So what does all this have to do with leadership…

John Maxwell sums it up in his book titled: Everyone Communicates Few Connect.  The essential point of the book is that effective communication is not a function of the words delivered, but rather whether the listener connects with both the person and the message.  Never has this been more important than now, when getting and keeping peoples attention is so difficult.

Connection is the antidote to attention deficit.  When we fail to make a meaningful connection in some way we will fail to get someone’s attention.

As leaders, whether we are in a position of leadership, a coach, a teacher, etc. we always have a message we want to deliver and we want that message to make an impact on the listener. Yet all too often our focus in communicating that message is on what we want to say, how we want to say it and through which vehicles we want to deliver the message.

For example, people in positions of leadership may send a company-wide e-mail or do a live video broadcast so they can be seen and heard. A lot of work goes into those scripts. Information products are created that are nothing more than a series of videos of live events. The information can be very valuable.

Yet it is the emotional connection with both those delivering the message and with the content that will make the difference between whether the communication is an intellectual exercise or a truly transformative opportunity that motivates inspired action on the part of the listener.

The lesson for leaders: get out of your box when it comes to communication. Just don’t write the script, design and implement a communication process.  And in the words of John Maxwell, don’t just focus on communicating, ensure you are connecting.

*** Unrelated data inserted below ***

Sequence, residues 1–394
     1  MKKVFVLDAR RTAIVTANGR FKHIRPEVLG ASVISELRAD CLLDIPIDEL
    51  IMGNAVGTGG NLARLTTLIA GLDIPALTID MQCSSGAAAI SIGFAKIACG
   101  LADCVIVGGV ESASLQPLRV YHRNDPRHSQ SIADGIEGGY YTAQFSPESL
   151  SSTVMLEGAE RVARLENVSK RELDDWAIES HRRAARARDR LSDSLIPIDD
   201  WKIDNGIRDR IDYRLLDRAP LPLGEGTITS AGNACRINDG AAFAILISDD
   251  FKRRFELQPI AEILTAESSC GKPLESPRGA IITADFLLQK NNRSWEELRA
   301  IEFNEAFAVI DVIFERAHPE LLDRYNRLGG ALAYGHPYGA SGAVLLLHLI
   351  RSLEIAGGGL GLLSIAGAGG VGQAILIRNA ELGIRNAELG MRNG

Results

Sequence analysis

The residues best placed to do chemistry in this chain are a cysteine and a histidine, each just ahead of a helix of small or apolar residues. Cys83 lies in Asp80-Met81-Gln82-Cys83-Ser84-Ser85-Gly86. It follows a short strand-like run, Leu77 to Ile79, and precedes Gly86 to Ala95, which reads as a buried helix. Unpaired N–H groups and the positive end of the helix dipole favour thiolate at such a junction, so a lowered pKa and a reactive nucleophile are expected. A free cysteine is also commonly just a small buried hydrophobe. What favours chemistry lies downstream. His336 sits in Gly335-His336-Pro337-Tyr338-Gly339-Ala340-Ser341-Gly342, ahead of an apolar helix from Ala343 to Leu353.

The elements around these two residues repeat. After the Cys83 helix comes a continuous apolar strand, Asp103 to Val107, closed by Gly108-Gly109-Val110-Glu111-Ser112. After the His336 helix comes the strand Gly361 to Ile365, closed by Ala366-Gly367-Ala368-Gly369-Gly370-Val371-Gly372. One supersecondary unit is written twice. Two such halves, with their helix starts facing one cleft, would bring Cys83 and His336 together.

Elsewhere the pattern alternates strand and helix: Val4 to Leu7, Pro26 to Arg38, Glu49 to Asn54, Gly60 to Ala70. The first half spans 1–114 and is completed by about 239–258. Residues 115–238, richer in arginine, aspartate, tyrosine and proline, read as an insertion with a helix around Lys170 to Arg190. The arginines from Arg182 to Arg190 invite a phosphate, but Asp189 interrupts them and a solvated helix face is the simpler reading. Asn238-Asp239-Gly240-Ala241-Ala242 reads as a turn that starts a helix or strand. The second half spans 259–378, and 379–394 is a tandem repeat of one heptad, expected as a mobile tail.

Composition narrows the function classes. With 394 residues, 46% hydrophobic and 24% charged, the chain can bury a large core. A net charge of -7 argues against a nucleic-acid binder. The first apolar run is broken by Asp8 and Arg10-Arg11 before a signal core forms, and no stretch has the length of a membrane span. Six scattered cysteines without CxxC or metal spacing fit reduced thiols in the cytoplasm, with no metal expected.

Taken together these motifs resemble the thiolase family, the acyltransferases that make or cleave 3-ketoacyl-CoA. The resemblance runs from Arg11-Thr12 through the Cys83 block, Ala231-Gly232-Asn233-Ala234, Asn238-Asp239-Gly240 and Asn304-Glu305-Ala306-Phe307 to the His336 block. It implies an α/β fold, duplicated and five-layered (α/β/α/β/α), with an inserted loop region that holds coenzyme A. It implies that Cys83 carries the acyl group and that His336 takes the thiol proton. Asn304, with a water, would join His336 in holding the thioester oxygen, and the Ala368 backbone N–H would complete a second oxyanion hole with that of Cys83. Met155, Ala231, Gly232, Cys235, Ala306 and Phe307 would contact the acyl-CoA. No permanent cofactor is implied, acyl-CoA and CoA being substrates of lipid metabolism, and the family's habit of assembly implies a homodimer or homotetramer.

Here are two critical steps in the communication design process:

  1. Before you fully craft how you will deliver the message find out as much as you can to those you want to receive it, to those you want to learn from you or join you in manifesting your vision. It is up to you to build the bridges of understanding.
  2. Once you have the message crafted, create as many opportunities for the people to whom you are delivering your message to connect with you and/or with others who are leading or teaching with you.

Keep in mind that communication is not a “once and done” process.  Any message worth hearing once is worth hearing over and over.  Think about it – do you ever get tired of great quotes? Besides, it’s likely you didn’t craft the message or come upon the wisdom you have to share in a day so don’t expect it to be delivered successfully in a single one way communication.

While some might argue that technology is the source of an attention deficit world, I believe today’s technology is an incredible asset for effective communication in an attention deficit world.

So don’t just think about pushing your message out so people can take it in i.e., consume it. It’s time to think about how you can leverage technology to increase the connection with you, your message, as well as the connection among the people engaging with that message. You might even be surprised by just how valuable those connections will be for you as well.